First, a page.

Merger of Society and Key (1994)
Although Gillespie had built Society into a regional powerhouse in the Midwest, he wanted to vault the bank into the big leagues. He concluded Key, a bank with similar ambitions, was a suitable partner. Society and Key held talks in 1990 at Gillespie’s prompting, but Riley decided to stay the course of smaller, more lucrative acquisitions KeyBank Online with obvious synergies. Yet, news reports swirled that a possible merger was in the works in the fall of 1993. Key was the 29th largest U.S. bank with $26 billion in assets, while Society was the 25th largest with $32 billion in assets. Both needed a merger to improve their prospects. For its part, Key needed a succession plan due to the lack of an obvious successor to the 62-year-old Riley. In one week in June 1993, the bench had become barren – Chief Banking Officer James Waterston, hired the year before, quit and publicly stated that he was frustrated with the pace of achieving his goal of running a large bank. The head of KeyBank of Washington, Hans Harjo, was pushed out over an apparent dispute to move its headquarters from Seattle to Tacoma. It also became clear that Key had to undertake a technology infrastructure upgrade to connect its far-flung offices. Meanwhile, Society was in search of higher growth and longed to expand its presence outside of the so-called rust belt states of Ohio, Michigan, and Indiana.
The merger was announced in early October 1993. This time it was Riley who made the first move. Riley, recuperating at his Albany home after breaking his hip in a horse-riding accident in Wyoming, called Gillespie directly. The two quickly sketched out the deal. The banks were roughly the same size in assets and had very little geographic overlap, so it was touted as an out-of-market merger in which few branches needed to be sold off. It created a $58 billion banking behemoth with a footprint that literally stretched from Portland, Maine to Portland, Oregon. Furthermore, the deal plugged many of the perceived holes for both partners. The soft-spoken Gillespie was just 49 and Society had cultivated a deep bench of lieutenants. More importantly, Society had the computer systems and technology expertise to combine the two banks, along with Chief Information Officer Allen J. Gula. Riley also lamented the modest Albany International KeyBank Online Airport, which lost service from several major airlines in the 1980s and complicated air travel for Key executives. Ohio also had lower state taxes than New York. Lastly, Society had recently built Key Tower, a 947-foot headquarters tower, that was more commensurate with a major bank than the modest buildings used in Albany. These issues made Cleveland the preferable location for the new headquarters. Conversely, Key’s brand was more recognizable.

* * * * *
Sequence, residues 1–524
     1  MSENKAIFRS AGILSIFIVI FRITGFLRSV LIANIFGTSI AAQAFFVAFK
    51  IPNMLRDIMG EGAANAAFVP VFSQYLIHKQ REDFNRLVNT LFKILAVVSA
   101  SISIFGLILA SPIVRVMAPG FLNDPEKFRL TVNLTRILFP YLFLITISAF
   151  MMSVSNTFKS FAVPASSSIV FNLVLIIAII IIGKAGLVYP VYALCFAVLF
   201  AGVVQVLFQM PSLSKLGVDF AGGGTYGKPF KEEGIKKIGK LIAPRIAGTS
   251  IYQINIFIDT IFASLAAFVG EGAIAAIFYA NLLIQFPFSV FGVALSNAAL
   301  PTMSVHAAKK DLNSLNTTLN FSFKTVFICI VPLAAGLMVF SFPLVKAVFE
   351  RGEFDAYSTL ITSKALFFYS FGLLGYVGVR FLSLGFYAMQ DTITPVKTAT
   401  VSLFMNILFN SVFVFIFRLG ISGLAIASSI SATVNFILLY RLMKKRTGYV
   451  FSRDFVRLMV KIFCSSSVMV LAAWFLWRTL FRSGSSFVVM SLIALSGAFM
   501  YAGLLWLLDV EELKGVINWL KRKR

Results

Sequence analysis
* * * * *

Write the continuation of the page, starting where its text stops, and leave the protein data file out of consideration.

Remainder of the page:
The deal was structured as a merger of equals. While the merged bank took the KeyCorp name, Society was the nominal survivor; the merged bank was headquartered in Cleveland. The Society KeyBank Online name continued to be used in the former Society Corporation footprint for an additional two more years before it was retired in June 1996 and all Society Bank branches were converted to the KeyBank name and the bank charters were merged.
Riley became chairman and CEO of KeyCorp and Gillespie became president and chief operating officer. Despite assurances from both Riley and Gillespie, the city of Albany and then-Governor Mario Cuomo openly fretted that the merger would be bad for the state capital since Key and its subsidiaries owned or leased more than 10% of Albany’s commercial office space. By 2014, only about 225 non-branch employees were still based in Albany at the KeyCorp Tower.
Society and Key completed the merger on March 1, 1994 after regulatory approval. Although it was touted as a merger of equals, Key and Society were an odd couple. Key was a decentralized community bank comprising two banking networks—an eastern network in New England and upstate New York and a western one in the Rockies and Pacific Northwest—within a single corporate structure. Society was a classic big-city commercial bank with a centralized structure largely concentrated in three states.
Riley planned to retire as CEO at the end of 1995. He decided to accelerate it by 4 months, however, instead stepping down on September 1, 1995. Gillespie took the helm as KeyBank Online CEO and later chairman, allowing his protege Henry Meyer to become COO and later president.